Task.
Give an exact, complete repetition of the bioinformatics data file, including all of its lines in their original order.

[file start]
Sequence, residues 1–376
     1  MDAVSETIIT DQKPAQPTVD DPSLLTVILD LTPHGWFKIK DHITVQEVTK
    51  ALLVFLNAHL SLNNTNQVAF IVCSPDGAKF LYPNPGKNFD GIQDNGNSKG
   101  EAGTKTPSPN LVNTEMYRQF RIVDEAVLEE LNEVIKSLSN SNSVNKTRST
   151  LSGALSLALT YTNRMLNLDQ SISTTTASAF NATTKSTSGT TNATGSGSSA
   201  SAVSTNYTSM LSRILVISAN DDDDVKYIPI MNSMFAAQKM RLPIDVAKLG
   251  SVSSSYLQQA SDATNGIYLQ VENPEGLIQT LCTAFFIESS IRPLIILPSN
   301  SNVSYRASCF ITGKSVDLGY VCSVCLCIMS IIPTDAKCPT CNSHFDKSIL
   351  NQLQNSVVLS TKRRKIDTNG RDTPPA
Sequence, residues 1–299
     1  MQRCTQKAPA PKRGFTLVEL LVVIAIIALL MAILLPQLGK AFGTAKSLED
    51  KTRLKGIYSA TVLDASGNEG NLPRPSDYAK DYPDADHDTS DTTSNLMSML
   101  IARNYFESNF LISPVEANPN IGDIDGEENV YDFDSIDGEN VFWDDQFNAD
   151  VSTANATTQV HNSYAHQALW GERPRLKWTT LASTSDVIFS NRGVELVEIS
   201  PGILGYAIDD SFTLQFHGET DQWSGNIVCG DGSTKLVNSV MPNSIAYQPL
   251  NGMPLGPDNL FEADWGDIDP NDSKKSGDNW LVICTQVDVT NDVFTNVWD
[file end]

Sequence, residues 1–376
     1  MDAVSETIIT DQKPAQPTVD DPSLLTVILD LTPHGWFKIK DHITVQEVTK
    51  ALLVFLNAHL SLNNTNQVAF IVCSPDGAKF LYPNPGKNFD GIQDNGNSKG
   101  EAGTKTPSPN LVNTEMYRQF RIVDEAVLEE LNEVIKSLSN SNSVNKTRST
   151  LSGALSLALT YTNRMLNLDQ SISTTTASAF NATTKSTSGT TNATGSGSSA
   201  SAVSTNYTSM LSRILVISAN DDDDVKYIPI MNSMFAAQKM RLPIDVAKLG
   251  SVSSSYLQQA SDATNGIYLQ VENPEGLIQT LCTAFFIESS IRPLIILPSN
   301  SNVSYRASCF ITGKSVDLGY VCSVCLCIMS IIPTDAKCPT CNSHFDKSIL
   351  NQLQNSVVLS TKRRKIDTNG RDTPPA
Sequence, residues 1–299
     1  MQRCTQKAPA PKRGFTLVEL LVVIAIIALL MAILLPQLGK AFGTAKSLED
    51  KTRLKGIYSA TVLDASGNEG NLPRPSDYAK DYPDADHDTS DTTSNLMSML
   101  IARNYFESNF LISPVEANPN IGDIDGEENV YDFDSIDGEN VFWDDQFNAD
   151  VSTANATTQV HNSYAHQALW GERPRLKWTT LASTSDVIFS NRGVELVEIS
   201  PGILGYAIDD SFTLQFHGET DQWSGNIVCG DGSTKLVNSV MPNSIAYQPL
   251  NGMPLGPDNL FEADWGDIDP NDSKKSGDNW LVICTQVDVT NDVFTNVWD